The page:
Why aren't more women working in video games? In yesterday's LA Times, Alex Pham points out that women make up only about 20% of the industry, according to a 2007 survey, and only 3% of game programmers. Kathy Vrabeck (pictured), a rare female executive at game company Electronic Arts, says that, "historically, the people who play video games have tended to be more male. So it's not surprising that these boys grow up and aspire to work in the industry."Possibly true, but a 2008 survey showed that 94% of girls now play video games (compared with 99% of boys). Maybe these Wii-loving kids aren't old enough to get jobs just yet, but then again, maybe there's another reason their big sisters aren't clamoring to work for EA. Like the fact that working in the video game industry sounds like it kinda sucks. Game companies can have a fratty atmosphere, says game developer Brenda Braithwaite, "and there are still companies that throw recruiting parties with strippers." An even bigger problem is scheduling. "When you sign on to a game," says former EA exec Bing Gordon, "that's a two- to three-year commitment, with a crunch mode of about 12 to 26 weeks at the end of that. It's hard to be one of the top 10 leads on a team and not put in the time. I know mothers in key line positions, and they have pretty difficult choices to make every single day." Horror stories about gaming schedules abounded a few years ago — an essay by Erin Hoffman, whose husband's "crunch time" at EA in 2004 consisted of twelve-hour, seven-day workweeks, is a chilling cautionary tale. Things have supposedly gotten better, at least in California, where a minimum hourly wage is now enforced (before that, game developers didn't even get compensation for their extra work during crunch time). Nonetheless, discussion on the website GameWatch implies that unreasonable work schedules are still a big problem, at least at some companies. If women really are less willing to put in twelve hours, seven days a week, maybe game companies should take it as a sign that such a system really isn't healthy for anyone. Interactive media professor Tracy Fullerton thinks companies can restructure their projects to avoid excessive crunch time. The fact that they haven't done so may have more to do with workplace culture than with the true requirements of game development. If more women enter the video game industry, this culture may change — and that would be good for everyone. Women Left On Sidelines In Video Game Revolution [LA Times]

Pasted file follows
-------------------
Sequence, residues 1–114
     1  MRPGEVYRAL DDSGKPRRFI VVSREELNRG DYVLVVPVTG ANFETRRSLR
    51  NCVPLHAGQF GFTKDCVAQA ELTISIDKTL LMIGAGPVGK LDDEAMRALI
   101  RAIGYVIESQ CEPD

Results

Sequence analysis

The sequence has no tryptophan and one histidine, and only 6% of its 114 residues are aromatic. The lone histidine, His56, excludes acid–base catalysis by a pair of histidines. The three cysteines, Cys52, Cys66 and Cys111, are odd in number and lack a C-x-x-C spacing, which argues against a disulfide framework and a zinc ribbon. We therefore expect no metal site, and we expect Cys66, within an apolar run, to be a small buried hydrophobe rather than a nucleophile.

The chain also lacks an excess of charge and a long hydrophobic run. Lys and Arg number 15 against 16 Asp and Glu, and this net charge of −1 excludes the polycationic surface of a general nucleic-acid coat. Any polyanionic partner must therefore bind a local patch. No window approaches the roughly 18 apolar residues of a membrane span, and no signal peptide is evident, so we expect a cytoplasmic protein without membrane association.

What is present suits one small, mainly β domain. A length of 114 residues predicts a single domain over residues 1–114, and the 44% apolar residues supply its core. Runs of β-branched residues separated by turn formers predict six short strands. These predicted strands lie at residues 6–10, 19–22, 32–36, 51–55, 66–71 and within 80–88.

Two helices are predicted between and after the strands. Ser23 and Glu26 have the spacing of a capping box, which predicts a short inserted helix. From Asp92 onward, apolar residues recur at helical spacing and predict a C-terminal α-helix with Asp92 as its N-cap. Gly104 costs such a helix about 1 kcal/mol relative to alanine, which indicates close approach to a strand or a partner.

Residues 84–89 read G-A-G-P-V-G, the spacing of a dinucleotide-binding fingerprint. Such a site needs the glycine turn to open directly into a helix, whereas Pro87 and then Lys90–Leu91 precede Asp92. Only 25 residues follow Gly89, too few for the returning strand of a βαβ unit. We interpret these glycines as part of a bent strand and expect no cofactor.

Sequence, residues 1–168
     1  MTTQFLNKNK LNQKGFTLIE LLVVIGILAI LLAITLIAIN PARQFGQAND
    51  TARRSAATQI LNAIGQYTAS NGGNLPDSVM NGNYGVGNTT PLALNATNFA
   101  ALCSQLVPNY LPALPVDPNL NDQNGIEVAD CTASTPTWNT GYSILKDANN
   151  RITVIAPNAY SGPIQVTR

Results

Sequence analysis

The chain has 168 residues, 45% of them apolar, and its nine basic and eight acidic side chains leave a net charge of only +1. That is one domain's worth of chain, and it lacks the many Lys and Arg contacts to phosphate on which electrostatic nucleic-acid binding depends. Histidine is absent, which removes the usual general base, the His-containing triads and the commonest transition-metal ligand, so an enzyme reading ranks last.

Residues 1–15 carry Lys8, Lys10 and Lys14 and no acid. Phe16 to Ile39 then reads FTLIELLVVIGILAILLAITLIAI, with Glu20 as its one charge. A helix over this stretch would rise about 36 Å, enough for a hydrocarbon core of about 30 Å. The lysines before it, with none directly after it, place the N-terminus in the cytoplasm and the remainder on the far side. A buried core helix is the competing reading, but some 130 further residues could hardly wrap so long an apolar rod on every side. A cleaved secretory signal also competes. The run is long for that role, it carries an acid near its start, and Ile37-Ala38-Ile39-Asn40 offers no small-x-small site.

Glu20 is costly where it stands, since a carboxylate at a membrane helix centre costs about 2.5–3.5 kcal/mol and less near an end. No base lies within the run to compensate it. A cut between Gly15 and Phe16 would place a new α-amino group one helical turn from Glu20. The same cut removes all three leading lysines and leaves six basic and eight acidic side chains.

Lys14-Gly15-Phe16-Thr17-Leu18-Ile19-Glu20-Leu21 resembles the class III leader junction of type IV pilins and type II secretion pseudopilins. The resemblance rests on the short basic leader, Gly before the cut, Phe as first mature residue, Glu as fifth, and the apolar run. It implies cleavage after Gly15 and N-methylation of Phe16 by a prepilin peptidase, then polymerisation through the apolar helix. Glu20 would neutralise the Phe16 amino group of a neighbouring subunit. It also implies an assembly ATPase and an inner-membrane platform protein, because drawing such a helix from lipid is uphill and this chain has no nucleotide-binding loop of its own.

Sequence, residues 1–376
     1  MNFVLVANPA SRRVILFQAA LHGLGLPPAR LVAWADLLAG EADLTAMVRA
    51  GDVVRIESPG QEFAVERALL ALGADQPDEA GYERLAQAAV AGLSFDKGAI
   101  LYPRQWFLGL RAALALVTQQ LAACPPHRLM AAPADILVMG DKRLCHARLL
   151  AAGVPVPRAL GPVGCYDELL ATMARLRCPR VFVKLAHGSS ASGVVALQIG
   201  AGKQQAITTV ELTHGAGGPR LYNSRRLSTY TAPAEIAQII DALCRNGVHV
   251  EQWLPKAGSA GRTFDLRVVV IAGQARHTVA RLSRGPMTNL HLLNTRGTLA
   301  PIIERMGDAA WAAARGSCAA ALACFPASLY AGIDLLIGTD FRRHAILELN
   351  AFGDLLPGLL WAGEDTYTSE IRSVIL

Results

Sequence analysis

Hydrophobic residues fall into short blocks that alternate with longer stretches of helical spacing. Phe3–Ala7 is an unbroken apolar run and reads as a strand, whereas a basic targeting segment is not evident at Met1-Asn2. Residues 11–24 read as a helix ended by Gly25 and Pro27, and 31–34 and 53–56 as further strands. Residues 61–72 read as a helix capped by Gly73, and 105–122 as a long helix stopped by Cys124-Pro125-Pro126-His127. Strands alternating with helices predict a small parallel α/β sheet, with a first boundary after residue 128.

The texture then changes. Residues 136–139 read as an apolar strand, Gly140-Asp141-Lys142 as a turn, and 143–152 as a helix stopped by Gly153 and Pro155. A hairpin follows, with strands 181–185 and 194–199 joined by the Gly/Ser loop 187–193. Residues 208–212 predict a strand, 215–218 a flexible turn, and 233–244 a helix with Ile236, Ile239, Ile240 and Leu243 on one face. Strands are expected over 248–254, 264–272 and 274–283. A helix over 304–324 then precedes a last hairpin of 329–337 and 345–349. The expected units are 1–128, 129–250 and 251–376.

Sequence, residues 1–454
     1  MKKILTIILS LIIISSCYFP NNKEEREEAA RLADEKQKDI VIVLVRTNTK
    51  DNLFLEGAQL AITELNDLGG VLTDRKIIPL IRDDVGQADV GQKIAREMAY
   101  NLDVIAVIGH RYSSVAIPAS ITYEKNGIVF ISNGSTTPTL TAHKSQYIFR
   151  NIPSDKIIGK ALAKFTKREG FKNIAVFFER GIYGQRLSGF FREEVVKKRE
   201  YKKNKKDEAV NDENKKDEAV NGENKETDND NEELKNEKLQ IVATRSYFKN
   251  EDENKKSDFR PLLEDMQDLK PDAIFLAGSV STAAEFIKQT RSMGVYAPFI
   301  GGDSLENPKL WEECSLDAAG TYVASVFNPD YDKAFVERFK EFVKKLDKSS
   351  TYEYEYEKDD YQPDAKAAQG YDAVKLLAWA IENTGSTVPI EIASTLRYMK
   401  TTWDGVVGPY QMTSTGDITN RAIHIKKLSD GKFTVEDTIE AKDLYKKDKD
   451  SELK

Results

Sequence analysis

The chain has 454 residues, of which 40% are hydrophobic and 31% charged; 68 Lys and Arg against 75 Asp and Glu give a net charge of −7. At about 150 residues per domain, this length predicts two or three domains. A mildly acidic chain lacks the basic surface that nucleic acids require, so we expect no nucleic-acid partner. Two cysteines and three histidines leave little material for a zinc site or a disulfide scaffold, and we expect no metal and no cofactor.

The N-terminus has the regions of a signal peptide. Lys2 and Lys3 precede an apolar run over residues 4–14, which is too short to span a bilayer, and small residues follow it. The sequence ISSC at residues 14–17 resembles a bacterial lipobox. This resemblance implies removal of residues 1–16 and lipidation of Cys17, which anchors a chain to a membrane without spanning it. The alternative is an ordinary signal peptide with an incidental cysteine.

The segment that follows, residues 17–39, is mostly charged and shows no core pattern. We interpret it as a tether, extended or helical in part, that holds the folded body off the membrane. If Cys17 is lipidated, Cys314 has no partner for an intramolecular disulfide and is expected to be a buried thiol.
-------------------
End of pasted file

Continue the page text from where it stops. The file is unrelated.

You know, this is pretty much what it's like working at any media or entertainment company. They're industries that demand enormous commitment, people who do it tend to love what they do and want to spend much of their social and family lives within the industry group, and things like crunch time, long days, and crappy production offices are part of the deal. I work in it and I love it, including all the parts that people seem to be complaining about. A stain on the ceiling? Long nights? Strange social encounters? Those aren't things to bitch about! That's what makes what I do so much fun.